She personifies unity. She symbolizes the unity necessary for the elevation of the mind and soul. So, Durga Puja is the worship of Goddess Durga, Shakti and Power, which protects us from evil and brings peace, happiness and prosperity in our lives.
It is a great occasion for Hindu families to get together and share love in early fall every year.
Origin of Goddess Durga
According to mythology, Mahishasur was a powerful demon king who could change his form from human to buffalo. After many years of prayer, he received a blessing from Brahma that he could only be killed by any man. He ignored the strength of the woman who became the secret of his death. He soon became invincible and terrified heaven and earth.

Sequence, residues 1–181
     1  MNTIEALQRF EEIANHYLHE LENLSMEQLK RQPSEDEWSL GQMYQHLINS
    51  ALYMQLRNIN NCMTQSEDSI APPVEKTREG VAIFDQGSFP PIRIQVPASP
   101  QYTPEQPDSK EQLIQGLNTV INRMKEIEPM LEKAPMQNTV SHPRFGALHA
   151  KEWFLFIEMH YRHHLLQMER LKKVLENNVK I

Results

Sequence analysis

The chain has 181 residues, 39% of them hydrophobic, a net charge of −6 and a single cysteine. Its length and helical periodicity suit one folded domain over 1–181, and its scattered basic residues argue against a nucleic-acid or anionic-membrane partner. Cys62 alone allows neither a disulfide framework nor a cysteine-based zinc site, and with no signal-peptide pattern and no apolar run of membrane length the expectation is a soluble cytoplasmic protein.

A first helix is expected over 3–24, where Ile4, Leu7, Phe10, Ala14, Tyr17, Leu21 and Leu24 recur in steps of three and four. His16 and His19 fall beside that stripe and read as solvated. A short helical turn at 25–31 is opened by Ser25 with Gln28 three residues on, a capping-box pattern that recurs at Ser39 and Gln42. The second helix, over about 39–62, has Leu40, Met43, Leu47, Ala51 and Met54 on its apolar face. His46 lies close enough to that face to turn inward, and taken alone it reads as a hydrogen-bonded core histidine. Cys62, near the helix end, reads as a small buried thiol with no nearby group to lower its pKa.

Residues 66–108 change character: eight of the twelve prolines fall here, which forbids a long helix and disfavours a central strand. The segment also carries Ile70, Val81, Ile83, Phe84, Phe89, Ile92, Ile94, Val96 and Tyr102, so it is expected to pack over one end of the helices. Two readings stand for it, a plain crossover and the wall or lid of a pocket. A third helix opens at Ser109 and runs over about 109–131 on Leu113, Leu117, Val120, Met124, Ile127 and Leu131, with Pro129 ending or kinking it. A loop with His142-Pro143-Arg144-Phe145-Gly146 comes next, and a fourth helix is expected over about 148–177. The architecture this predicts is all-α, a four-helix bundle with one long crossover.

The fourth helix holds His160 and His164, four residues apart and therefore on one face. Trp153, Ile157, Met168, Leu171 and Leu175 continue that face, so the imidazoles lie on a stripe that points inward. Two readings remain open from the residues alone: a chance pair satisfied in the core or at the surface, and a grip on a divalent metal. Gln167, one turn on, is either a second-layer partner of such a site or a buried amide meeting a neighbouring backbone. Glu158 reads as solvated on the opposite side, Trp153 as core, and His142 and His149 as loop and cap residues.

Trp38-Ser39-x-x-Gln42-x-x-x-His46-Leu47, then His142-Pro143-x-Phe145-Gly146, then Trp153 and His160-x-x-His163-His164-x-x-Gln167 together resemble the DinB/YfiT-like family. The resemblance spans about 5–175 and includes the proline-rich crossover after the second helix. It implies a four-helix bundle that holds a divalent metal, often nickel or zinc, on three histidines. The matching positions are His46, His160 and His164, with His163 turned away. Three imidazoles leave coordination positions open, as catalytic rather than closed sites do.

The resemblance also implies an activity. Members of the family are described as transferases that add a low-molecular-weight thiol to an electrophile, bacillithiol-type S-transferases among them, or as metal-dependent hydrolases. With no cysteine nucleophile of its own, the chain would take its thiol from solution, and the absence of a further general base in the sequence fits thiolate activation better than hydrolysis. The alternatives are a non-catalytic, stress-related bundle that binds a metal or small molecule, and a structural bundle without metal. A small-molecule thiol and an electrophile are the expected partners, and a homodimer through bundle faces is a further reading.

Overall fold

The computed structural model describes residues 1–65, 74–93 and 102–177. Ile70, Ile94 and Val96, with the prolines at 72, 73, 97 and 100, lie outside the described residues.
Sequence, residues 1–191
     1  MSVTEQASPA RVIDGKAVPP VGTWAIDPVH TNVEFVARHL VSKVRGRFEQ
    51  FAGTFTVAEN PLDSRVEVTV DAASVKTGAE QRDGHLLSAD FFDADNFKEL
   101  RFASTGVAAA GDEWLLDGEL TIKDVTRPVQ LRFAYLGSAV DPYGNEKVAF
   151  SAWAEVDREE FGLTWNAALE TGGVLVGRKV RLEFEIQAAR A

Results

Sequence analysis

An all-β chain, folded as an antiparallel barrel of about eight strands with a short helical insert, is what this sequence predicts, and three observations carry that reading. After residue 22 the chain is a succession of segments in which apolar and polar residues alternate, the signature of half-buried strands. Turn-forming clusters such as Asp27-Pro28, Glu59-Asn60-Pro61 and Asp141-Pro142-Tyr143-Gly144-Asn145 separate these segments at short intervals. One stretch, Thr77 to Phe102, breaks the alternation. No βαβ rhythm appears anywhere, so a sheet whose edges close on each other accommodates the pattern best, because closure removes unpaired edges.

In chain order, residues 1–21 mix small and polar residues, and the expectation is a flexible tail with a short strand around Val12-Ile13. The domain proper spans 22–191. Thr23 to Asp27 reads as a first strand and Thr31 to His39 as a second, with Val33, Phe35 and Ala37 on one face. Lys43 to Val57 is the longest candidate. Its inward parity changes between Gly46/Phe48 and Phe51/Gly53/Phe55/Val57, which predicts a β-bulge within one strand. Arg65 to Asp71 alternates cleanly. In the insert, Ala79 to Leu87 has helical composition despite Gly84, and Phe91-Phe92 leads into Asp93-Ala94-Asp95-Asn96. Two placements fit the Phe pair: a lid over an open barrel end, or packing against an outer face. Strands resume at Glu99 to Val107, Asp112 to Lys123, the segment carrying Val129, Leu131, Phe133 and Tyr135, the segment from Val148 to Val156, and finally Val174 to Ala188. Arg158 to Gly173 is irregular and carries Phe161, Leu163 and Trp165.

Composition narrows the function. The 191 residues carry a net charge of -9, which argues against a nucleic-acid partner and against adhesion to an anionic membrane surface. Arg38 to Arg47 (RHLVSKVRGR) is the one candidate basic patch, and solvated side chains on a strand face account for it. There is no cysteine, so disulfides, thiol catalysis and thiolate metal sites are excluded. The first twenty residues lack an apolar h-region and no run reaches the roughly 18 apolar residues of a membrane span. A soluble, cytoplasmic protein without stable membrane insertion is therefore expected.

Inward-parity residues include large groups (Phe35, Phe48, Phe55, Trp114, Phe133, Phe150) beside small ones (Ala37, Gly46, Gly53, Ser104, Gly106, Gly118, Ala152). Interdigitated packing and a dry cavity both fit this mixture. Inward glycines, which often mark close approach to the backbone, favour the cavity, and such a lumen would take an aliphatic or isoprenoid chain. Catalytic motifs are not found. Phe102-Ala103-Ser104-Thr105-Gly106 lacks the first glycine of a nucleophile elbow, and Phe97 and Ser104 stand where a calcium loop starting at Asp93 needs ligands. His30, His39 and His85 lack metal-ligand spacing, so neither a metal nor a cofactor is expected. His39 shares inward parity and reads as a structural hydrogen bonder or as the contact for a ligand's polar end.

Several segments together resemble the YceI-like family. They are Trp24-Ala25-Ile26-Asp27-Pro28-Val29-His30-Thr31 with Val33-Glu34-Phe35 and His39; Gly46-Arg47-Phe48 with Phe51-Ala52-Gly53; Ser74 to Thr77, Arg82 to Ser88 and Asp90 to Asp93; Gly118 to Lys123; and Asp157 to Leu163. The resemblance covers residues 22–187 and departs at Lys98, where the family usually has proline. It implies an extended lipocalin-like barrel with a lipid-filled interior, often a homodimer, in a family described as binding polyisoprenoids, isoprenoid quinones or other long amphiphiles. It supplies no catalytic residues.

The gods finally entered the conclave and created a nemesis in the form of a beautiful young woman. She was named Durga or the rescuer of the problems. After ten days of fighting, Durga killed Mahishasur on the tenth day of the crescent moon.
Thus, Durga was called Mahishasur Mardini (murderer of the buffalo demon). Later, Durga, with her divine powers, became Lord Shiva’s wife and was known as Parvati (daughter of the mountain – parvat, whose name was Himavat, another name of Himalayas).
They have four children: Lakshmi, Saraswati, Kartik and Ganesh. Each of them had different divine attributes that made them different Gods and Goddesses. The mother, Durga or Parvati, visits the land once a year with her children during the fall season, whose (deities) are shown in the mandap puja.
The traditional image of Durga shows an ensemble of the goddess and her two daughters, Lakshmi and Saraswati and two sons, Ganesh and Kartik, with the face of husband Shiva who looks at them from above on a single background scaffold.
Here, the great idol of Durga, killing the buffalo demon Mahiṣasura, sits on a lion with her 10 arms holding weapons respectively gifted to her by the god.